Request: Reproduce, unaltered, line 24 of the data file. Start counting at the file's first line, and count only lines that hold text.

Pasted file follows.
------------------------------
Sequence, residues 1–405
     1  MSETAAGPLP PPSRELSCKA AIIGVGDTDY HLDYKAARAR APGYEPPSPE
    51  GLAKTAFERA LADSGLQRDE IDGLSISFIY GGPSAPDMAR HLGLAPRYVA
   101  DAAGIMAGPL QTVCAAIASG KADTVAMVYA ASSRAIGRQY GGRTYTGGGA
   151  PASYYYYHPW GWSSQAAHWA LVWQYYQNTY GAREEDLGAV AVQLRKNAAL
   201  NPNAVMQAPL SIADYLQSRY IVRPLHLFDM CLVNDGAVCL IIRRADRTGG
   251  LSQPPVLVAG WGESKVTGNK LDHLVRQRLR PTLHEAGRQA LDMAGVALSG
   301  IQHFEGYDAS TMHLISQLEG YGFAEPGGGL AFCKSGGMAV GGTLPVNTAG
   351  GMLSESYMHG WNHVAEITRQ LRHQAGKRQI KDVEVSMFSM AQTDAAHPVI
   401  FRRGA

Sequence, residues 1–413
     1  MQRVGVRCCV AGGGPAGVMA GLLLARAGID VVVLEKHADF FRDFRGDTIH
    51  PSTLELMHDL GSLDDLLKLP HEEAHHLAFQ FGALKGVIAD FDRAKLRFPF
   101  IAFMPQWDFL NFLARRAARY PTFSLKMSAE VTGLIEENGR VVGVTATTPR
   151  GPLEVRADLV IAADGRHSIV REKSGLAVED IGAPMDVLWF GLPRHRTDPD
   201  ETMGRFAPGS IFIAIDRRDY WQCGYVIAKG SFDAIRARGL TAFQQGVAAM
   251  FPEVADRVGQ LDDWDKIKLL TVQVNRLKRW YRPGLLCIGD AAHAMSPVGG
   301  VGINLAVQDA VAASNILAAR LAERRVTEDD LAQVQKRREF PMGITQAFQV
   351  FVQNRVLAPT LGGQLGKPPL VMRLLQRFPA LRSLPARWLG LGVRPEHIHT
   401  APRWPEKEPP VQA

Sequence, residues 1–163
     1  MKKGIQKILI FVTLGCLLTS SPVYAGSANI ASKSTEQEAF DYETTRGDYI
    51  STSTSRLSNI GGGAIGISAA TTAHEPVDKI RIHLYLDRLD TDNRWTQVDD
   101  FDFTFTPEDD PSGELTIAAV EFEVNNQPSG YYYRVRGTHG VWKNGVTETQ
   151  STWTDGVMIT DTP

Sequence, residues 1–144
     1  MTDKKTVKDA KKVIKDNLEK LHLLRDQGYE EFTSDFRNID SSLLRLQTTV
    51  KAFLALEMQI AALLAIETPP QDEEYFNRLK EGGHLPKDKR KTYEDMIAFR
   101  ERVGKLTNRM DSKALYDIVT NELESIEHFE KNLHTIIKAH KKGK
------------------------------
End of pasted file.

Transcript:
   101  FDFTFTPEDD PSGELTIAAV EFEVNNQPSG YYYRVRGTHG VWKNGVTETQ